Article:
Skagit River Poetry Festival
Some of poetry’s biggest names and most provocative voices are in the lineup for this year’s Skagit River Poetry Festival, May 17-20 in the historic seaside town of La Conner, Washington. The seventh biennial poetry festival, one of the liveliest and largest celebrations of poetry on the West Coast, brings together slam poetry, cowboy poetry, political poetry, scholarly poetry, spiritual poetry, love poetry, and hard-edged verse that digs deep down, putting thought to the unthinkable.
The four-day event is a whirlwind of literary conversations, interviews, musical performances, and intensive three-hour writing workshops with artists who revere words, whether they are written, spoken, or sung. “This year’s festival is an eclectic plate of savory poetic voices, guaranteed to stimulate, challenge, and enhance our notions of the world around us,” says festival director Molly McNulty.
In the lineup are:
- Carolyn Forche’, human rights advocate and renowned “poet of witness”
- Nikki Giovanni, international celebrity, once called the “Black princess of poetry”
- Simon Ortiz, a leading figure in the Native American literary renaissance
- Red Pine (aka Bill Porter), Chinese scholar and translator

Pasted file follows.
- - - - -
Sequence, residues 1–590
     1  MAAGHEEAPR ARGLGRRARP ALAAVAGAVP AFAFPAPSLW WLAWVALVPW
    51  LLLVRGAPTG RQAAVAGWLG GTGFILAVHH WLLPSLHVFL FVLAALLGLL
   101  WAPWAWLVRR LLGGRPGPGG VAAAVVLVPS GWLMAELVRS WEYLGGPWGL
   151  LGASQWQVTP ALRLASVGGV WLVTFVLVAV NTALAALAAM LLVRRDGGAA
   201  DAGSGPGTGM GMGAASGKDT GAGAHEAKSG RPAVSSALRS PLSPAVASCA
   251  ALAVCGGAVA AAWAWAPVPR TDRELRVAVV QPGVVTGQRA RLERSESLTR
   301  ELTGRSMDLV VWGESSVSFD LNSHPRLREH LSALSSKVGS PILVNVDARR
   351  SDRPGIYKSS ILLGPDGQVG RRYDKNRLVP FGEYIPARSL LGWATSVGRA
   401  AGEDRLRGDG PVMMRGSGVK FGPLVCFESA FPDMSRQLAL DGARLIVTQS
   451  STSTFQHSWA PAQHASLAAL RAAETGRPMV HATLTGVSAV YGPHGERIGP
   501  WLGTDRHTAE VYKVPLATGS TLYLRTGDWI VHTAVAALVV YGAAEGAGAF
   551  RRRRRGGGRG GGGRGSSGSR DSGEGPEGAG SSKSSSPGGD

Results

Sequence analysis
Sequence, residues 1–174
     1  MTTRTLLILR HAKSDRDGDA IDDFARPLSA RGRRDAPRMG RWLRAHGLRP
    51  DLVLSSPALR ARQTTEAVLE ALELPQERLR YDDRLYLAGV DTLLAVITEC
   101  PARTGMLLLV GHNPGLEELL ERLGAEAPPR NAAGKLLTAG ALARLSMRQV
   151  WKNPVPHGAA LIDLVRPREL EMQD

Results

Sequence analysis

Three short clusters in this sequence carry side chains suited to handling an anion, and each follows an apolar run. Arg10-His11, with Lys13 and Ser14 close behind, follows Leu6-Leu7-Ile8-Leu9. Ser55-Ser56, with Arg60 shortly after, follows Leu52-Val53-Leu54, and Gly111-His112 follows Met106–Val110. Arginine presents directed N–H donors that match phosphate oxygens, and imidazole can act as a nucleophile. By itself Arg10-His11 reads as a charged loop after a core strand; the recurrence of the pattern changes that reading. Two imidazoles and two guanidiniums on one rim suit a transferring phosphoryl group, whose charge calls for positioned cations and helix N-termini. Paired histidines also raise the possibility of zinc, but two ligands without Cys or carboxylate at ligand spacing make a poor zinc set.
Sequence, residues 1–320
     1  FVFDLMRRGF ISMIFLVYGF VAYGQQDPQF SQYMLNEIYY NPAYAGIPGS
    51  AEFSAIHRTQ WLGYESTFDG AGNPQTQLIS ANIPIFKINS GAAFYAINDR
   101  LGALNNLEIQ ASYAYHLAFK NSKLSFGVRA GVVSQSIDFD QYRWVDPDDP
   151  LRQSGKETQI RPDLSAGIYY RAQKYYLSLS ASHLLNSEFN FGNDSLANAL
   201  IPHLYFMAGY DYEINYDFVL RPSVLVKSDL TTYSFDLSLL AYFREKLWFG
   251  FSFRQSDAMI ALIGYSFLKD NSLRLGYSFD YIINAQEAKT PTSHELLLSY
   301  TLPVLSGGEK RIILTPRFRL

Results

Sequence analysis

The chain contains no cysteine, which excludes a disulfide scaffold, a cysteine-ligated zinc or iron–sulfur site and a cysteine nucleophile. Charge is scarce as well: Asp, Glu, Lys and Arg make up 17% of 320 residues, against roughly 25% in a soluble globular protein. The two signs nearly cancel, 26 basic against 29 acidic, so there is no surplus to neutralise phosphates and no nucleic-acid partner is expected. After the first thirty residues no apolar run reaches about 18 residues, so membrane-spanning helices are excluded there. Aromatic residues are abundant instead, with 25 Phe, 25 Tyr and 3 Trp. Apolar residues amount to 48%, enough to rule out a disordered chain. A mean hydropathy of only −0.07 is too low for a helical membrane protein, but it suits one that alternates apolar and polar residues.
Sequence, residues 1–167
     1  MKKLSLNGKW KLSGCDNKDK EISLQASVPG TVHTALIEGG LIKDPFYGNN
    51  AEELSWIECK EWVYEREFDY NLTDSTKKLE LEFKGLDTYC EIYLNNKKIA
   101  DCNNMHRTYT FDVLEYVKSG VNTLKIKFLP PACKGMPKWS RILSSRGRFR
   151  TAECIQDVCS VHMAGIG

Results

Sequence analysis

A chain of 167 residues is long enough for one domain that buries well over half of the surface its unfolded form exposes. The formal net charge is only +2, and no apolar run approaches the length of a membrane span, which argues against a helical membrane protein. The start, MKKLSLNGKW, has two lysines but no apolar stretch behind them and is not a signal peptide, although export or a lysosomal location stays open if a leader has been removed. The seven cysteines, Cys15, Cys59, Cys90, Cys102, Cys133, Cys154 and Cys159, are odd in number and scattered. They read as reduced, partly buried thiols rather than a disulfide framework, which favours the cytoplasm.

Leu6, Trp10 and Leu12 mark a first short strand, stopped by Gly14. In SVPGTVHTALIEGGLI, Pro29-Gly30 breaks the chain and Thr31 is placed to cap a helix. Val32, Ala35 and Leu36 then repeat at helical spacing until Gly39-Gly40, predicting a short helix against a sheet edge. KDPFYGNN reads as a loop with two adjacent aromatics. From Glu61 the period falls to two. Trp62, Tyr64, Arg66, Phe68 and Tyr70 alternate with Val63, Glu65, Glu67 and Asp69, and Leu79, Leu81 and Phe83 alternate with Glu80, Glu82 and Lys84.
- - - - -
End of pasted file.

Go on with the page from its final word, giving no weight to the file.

- Alurista, whose work played a central role in the ‘60s-‘70s Chicano movement
- Marie Howe, the poet of “intimacy and intensity”
- Tony Hoagland, whose edgy poems function like “improvised explosive devices,” according to a New York Times reviewer
The exciting lineup also includes Canada’s pre-eminent poets Lorna Crozier and Patrick Lane, musician/poet Kurtis Lamkin, master of the 21-string West African kora, and Ellen Bass, a writer of “frighteningly personal poems,” according to poet Billy Collins.
The four-day event kicks off at May 17 at Maple Hall in La Conner with an opening night Poet’s Table Dinner, where attendees share luscious local food, wine, and conversation with the poets seated at their sides. Following the dinner is “Celtic Night: An Evening of Poetry, Storytelling, and Music” featuring the lyrical poetry of Dublin’s Tony Curtis, storytelling with Will Hornyak, and music by Randal Bays and Friends.
Sunday is dedicated to workshops, including a six-hour “Fishtown” trip down the Skagit River in North Cascade Institute’s 36-foot Salish-style canoe, with poet Tim McNulty and artist Bo Miller leading storytelling, poetry readings, writing exercises, paddling and discussions.
The festival is a fundraiser for the Skagit River Poetry Project, which brings poets into classrooms year-‘round to promote literacy, develop an appreciation of creative language, and encourage interaction with culturally diverse communities. Every year, the Poets in Schools project puts artists into more than 200 classrooms, serving more than 10,000 students. Since the program began, more than 300,000 students have explored their poetic voices working with project artists.
The first half-day of the festival on Friday, May 17 is set aside for students only. It’s a ripe opportunity to watch renowned poets work their magic on teenagers – who often surprise the artists by asking them for their autographs.
There are so many wonderful stories to report as this remarkable festival unfolds. Please consider joining us for one event, one day, or more.
Tickets: brownpapertickets.com; Next Chapter bookstore, 721 S. First Street, La Conner